We have to break the cycle that traps women in low pay,” said the charity’s head, Carole Easton.  The practice is already banned in California and the city of New York.  Including wage details in job adverts — which 42% of UK employers surveyed said they did not do — would also help, Easton said.  However, the Confederation of British Industry (CBI), an employers’ group, said banning conversations about pay could have unintended consequences.

by Umberto Bacchi
Ref: SAlabournews

DoL welcomes high turnout by former mineworkers

Mining Weekly writes that the Department of Labour (DoL) on Wednesday expressed its appreciation for the overwhelming turnout of former mineworkers in the John Taolo Gaetswewe (JTG) district, in the Northern Cape, who heeded the call to make applications for unclaimed benefits. The campaign has witnessed a turnout of 3 279 potential applications since its launch on May 30. The campaign, which is aimed at former mineworkers who left employment in the mines prior to April 2002.

The campaign will continue in Cassel on September 3, Loopeng on September 4, Kathu on September 5 and Heuningsvlei on September 6, including mop-up work in Kuruman from August 22 to 23 to assist potential applicants who were turned away owing to high influx during this week’s proceedings. The campaign will soon shift focus to the ZF Mgcawu district, in the Northern Cape.

by Marleny Arnoldi

Gold wage negotiations to resume next week

Mining Weekly reports that old wage negotiations continued on Wednesday between gold producers AngloGold Ashanti, Harmony Gold, Sibanye-Stillwater and Village Main Reef and the Association of Mineworkers and ConstructionUnion, Solidarity and Uasa. The National Union of Mineworkers (NUM) did not attend, as it declared a dispute with the gold producers on Tuesday.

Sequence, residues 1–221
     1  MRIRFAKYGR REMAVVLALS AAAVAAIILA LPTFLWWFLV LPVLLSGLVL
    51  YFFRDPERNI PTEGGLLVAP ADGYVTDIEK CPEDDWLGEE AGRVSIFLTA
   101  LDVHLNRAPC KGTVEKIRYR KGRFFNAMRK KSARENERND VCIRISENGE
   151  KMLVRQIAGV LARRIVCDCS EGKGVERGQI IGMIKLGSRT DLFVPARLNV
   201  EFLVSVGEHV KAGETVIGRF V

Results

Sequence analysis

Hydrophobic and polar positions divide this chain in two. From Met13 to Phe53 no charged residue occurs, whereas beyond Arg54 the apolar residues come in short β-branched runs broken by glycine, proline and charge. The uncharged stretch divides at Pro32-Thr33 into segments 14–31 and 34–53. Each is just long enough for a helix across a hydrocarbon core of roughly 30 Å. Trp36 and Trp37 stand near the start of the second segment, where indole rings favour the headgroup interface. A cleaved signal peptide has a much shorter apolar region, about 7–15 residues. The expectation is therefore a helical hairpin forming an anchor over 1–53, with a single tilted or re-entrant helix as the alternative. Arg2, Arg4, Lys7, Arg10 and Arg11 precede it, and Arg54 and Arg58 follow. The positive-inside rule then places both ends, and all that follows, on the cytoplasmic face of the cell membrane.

The NUM’s dispute will be referred to the Commission for Conciliation, Mediation and Arbitration for facilitation and is one step away from a legal, protected strike action, the union stated. Wage negotiations will continue on August 29.

by Marleny Arnoldi

National minimum wage bill clears parliamentary passage

IOL News reports that the National Minimum Wage Bill was approved by the National Council of Provinces on Tuesday and will now go to President Cyril Ramaphosa to be signed into law. The adoption of the bill, along with enabling the Basic Conditions of Employment Amendment Bill, was welcomed by the Congress of South African Trade Unions (Cosatu) as a step that would see the income of 6.4 million South Africans increase.

“This will be a major cash injection into workers’ pockets,” Cosatu said. It also provides for the establishment of a National Minimum Wage Commission which will review the minimum wage level within a year and a half of it taking effect. Employers who fail to comply with the wage will be fined unless they applied for and qualified for exemptions.

by ANA Reporter

Cosatu pushes for parliament to process and adopt PIC amendment law

Moneyweb writes that labour federation Cosatu is pushing Parliament to adopt proposed changes to laws regulating the Public Investment Corporation (PIC), which oversees state workers’ pension investments, to make it more accountable and give unions representation on its board. Parliament’s finance committee is processing the PIC Amendment Bill, but Cosatu fears that the state’s decision to appoint a commission to investigate the fund manager’s governance and operating model could derail its adoption.

The commission will also consider possible changes to the PIC’s founding legislation, memorandum of incorporation and investment decision-making framework.  According to Matthew Parks, Cosatu’s parliamentary liaison officer, if the new law is not passed by the time the current parliament adjourns before the 2019 elections, it could take several more years for the new legislature to process it.  Cosatu wants unions to be able to select their own representatives onto the PIC board and for the fund manager to be given a “developmental investment mandate”.  The PIC oversees about R1.93 trillion in assets.

by Mike Cohen (Bloomberg)
Ref: SAlabournews